I’ve written before on poverty traps. In this post, I’ll have a more detailed look at one of these traps. Poverty is both a cause and a result of ill health, which results in a vicious circle that’s very hard to break:
Poverty as a CAUSE of ill health
Poverty causes ill health because it leads to:
- Insufficient or inadequate food
- Consumption of unhealthy water
- Inadequate sanitation; the poor in urban areas often live in overcrowded communities where there’s too much garbage, poor drainage and other factors that encourage disease
- Insufficient education and knowledge about healthy lifestyles
- People being forced to do unhealthy work
- Inadequate shelter
- People being forced to live in unhealthy environments; many poor people are poor because they are born in poor families or communities, and hence they have a higher risk of communicable disease
- Higher levels of maternal mortality in poor communities/families also increases the risk of ill health for the rest of the community/family: young children have to take over part of the responsibilities for care and income, and as a consequence lose out on education which has consequences for their health (see above)
- Inadequate access to health facilities, because of lack of transport, lack of money to pay for care, lack of knowledge of the possibilities of care, lack of health insurance (see below) etc.
- Many poor people live in poor countries, i.e. countries that lack the funds or other means to create a good public health system, to provide adequate and good quality sanitation, water, energy supply (heating for example) and transportation.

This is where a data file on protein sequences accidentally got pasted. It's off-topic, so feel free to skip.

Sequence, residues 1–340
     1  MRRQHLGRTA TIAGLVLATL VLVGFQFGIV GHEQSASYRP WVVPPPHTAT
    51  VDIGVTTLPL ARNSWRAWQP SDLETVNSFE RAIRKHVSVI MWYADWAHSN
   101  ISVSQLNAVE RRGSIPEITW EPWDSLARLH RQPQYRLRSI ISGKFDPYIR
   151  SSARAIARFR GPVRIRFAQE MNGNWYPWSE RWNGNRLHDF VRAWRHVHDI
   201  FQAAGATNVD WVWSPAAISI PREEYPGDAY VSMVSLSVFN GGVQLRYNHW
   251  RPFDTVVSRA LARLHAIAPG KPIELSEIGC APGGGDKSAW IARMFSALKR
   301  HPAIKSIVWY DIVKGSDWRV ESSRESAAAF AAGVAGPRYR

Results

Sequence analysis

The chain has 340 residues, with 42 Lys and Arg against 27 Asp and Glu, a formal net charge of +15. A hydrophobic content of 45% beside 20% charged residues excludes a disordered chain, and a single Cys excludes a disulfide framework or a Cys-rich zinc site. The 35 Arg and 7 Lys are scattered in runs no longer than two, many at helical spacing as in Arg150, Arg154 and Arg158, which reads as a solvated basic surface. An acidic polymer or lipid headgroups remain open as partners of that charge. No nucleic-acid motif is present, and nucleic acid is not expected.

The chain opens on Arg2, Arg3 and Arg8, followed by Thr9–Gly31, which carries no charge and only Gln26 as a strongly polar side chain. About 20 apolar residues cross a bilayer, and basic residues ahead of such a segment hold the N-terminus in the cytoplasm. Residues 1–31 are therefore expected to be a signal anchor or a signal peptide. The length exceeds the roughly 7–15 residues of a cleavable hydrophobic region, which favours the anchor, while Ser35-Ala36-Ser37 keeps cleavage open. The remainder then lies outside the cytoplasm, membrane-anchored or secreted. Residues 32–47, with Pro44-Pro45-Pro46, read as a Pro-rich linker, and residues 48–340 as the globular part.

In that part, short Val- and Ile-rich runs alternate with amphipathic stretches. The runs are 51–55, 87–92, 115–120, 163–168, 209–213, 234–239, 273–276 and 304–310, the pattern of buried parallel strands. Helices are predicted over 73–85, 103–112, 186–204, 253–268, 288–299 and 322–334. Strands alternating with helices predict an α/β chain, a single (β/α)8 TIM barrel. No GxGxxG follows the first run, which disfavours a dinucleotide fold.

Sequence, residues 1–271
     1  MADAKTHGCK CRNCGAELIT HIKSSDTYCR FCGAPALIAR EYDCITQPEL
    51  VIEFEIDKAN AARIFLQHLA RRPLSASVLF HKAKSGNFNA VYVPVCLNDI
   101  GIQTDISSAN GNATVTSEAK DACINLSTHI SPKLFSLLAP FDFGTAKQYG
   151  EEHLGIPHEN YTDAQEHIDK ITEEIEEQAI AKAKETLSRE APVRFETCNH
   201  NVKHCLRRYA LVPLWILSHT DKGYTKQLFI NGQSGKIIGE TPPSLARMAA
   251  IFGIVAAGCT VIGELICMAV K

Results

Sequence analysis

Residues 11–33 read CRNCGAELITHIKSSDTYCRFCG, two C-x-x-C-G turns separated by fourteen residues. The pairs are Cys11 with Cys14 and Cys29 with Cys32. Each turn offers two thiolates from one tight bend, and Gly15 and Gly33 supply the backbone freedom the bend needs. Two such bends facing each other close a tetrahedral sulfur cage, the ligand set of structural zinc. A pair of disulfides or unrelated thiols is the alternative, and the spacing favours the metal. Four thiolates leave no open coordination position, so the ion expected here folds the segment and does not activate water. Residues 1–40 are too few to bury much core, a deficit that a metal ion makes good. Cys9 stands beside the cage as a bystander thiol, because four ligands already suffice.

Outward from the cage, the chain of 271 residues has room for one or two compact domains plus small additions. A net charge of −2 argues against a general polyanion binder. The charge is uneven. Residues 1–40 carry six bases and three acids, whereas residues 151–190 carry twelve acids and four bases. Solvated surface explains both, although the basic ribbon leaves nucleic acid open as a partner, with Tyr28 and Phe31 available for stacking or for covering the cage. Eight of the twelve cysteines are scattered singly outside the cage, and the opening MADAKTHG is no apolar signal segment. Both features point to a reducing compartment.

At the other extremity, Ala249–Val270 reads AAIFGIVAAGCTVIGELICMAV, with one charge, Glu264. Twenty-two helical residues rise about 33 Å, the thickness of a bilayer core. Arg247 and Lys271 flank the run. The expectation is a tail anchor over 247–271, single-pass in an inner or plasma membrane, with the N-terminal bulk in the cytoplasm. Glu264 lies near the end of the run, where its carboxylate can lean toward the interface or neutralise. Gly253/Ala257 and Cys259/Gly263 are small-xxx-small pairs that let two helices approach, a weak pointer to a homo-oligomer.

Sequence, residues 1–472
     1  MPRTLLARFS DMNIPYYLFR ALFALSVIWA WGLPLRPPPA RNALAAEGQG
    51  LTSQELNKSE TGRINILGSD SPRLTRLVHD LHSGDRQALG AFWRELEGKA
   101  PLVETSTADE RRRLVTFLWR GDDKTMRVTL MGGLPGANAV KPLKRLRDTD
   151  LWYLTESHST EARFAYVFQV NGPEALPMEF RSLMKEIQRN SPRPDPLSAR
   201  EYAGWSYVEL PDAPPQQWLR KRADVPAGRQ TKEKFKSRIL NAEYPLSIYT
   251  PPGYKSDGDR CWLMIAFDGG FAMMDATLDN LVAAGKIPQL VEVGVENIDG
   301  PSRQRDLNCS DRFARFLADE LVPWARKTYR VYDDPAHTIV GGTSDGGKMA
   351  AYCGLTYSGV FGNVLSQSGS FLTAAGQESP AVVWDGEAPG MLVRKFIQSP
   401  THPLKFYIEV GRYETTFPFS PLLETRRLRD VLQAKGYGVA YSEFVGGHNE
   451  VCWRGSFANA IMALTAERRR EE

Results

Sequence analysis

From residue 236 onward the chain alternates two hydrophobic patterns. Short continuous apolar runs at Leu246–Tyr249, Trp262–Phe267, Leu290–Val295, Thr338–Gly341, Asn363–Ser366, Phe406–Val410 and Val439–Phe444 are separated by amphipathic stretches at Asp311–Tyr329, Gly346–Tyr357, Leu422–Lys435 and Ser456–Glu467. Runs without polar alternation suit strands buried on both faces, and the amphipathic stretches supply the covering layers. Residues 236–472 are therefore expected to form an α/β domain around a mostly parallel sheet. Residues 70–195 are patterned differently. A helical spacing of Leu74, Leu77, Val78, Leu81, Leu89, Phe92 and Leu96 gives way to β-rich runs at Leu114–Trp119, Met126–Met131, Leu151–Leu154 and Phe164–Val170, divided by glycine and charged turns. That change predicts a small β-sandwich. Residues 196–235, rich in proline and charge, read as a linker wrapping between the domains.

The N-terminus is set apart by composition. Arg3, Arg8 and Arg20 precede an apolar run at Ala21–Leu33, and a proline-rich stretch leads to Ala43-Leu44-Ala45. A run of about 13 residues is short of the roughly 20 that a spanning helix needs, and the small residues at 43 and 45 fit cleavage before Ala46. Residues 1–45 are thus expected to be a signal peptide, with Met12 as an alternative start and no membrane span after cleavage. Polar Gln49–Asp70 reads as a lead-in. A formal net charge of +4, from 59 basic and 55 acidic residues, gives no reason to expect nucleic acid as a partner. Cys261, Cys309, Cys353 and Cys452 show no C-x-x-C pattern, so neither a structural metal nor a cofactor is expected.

Obviously, poverty is not the only cause of ill health, and all poor people are not ill. An excess of wealth can also create ill health (because of gluttony for example). People have to take care of themselves, and cannot always blame poverty for their predicament.
Poverty as a RESULT of ill health
- People who are sick lose income or often even their job
- Healthcare is expensive, and may push some people into poverty. Here’s a graph showing the poverty rates in the US before and after health expenses:
- The share of people that fall below the poverty line rises if these expenses are taken into account (especially for the elderly, of course, since they spend more on health care). Since poor people are generally less well protected by health insurance (see below), their expenses will be relatively higher.
These causal relations show up in the data. It’s no surprise that the data on poverty and health indicators show strong correlations.
Living in poverty is associated with lower life expectancy, high infant mortality, poor reproductive health, higher rates of infectious diseases (notably tuberculosis and HIV infection), higher rates of substance use (tobacco, alcohol and illegal drugs), higher rates of non-communicable diseases, depression and suicide, and increased exposure to environmental risks. Poor children are more likely to die by the age of five years and to suffer from acute respiratory infections, diarrhea, congenital anomalies and chronic diseases. (source)
Life expectancy in a poor neighborhood of Glasgow, U.K. , is on average 20 years shorter than in the richer parts:
Black males in the US have a life expectancy of 69, with 87 for Asian females.